In 2016, fixed deposits beat equity, insurance to emerge as most preferred financial asset

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New Delhi | Published: December 15, 2016 6:09:58 AM

Fixed deposits emerged as the most preferred financial assets in India in FY16, followed by equity and insurance, Karvy said in a report.I

Fixed deposits emerged as the most preferred financial assets in India in FY16, followed by equity and insurance, Karvy said in a report.Individual wealth in fixed deposits rose almost 11% to 36.8 lakh crore in FY16, it said.

In FY16, total wealth held by individuals in India grew by 8.5 % to 304.2 lakh crore. Investments in financial assets grew, but at a slower 7.14% to 172 lakh crore, mainly dampened by the weak performance of direct equities. On the other hand, physical
assets grew at a much faster rate of 10.32% to R132 lakh crore.

The report elaborates on the overall perspective of the wealth held by individuals in India. Besides, it also provides information on the expected pattern of future investments.

Karvy Private Wealth, the wealth management arm of the Karvy Group, launched its seventh edition of ‘India Wealth Report 2016’ on Wednesday. Karvy Private Wealth CEO Abhijit Bhave unveiled the report at a press conference in Mumbai.

India is considered the brightest spot among emerging economies. In the short term, the economy is bound to slow a bit owing to the demonetisation of R500 and R1,000 notes. However, in the long run, the country is expected to outshine its emerging-market counterparts, including China, owing to changing positive dynamics, especially the government’s reforms such as the GST, Real Estate (Regulation and Development) Act and the Bankruptcy Code, among others, the report added.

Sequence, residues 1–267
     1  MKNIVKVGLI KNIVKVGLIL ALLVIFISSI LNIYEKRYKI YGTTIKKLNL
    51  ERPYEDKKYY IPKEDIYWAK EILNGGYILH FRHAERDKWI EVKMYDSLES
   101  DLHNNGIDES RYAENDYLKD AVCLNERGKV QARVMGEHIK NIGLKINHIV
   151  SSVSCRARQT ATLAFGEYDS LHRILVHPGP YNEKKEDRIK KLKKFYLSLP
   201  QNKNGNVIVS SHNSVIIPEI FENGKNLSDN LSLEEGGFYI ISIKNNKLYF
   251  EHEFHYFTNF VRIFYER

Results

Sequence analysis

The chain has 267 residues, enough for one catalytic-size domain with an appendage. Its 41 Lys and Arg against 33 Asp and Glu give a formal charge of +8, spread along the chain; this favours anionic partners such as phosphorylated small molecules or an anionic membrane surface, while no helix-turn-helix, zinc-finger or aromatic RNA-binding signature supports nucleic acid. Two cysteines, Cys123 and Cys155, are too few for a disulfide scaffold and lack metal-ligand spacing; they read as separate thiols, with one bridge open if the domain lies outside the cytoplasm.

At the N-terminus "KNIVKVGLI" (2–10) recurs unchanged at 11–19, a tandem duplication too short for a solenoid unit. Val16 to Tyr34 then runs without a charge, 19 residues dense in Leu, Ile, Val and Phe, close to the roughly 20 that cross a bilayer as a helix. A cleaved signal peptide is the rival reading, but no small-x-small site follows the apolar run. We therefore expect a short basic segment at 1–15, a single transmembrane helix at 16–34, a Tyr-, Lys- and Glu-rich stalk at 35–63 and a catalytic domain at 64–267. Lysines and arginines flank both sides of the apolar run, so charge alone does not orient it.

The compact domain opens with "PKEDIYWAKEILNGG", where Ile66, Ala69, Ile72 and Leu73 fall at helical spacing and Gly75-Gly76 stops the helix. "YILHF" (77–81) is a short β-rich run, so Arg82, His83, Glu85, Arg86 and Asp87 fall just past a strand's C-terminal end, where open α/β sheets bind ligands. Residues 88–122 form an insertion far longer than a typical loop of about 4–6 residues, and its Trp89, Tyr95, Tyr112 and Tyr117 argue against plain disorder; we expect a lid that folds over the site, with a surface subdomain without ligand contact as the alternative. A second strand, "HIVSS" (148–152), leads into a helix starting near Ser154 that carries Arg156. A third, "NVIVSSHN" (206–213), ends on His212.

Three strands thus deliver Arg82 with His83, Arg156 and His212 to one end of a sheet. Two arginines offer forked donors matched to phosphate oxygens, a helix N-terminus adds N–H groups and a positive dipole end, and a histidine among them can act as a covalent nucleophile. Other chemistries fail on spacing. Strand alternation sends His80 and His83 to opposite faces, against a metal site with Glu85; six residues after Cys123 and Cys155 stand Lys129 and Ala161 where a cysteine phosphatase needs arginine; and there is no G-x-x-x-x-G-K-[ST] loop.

Bhave believes that demonetisation will have a long-term positive impact, as more wealth enters the formal financial system. “The Indian economy is in for some stormy changes in the short term amid events such as demonetisation, Donald Trump’s victory in the US presidential election and a possible rate hike by the US Fed. However, we see the India growth story intact in the long term,” Bhave said.

It is expected that through bank deposits, funds will move into the financial
system.

In the long run, these non-producing assets will move to producing assets and some of this will be invested in financial assets such as equities and mutual funds.

By FY21, overall individual wealth in India is expected to grow to R558 lakh crore from the current R304 lakh crore, at a CAGR of 12.9%. For HNIs, alternate asset classes such as private equity funds and venture capital funds will continue to hold interest.

“Along the journey for a ‘less-cash’ economy, HNIs may also be attracted to options such as Bitcoins, once the regulatory picture is clearer in India,” added Bhave.

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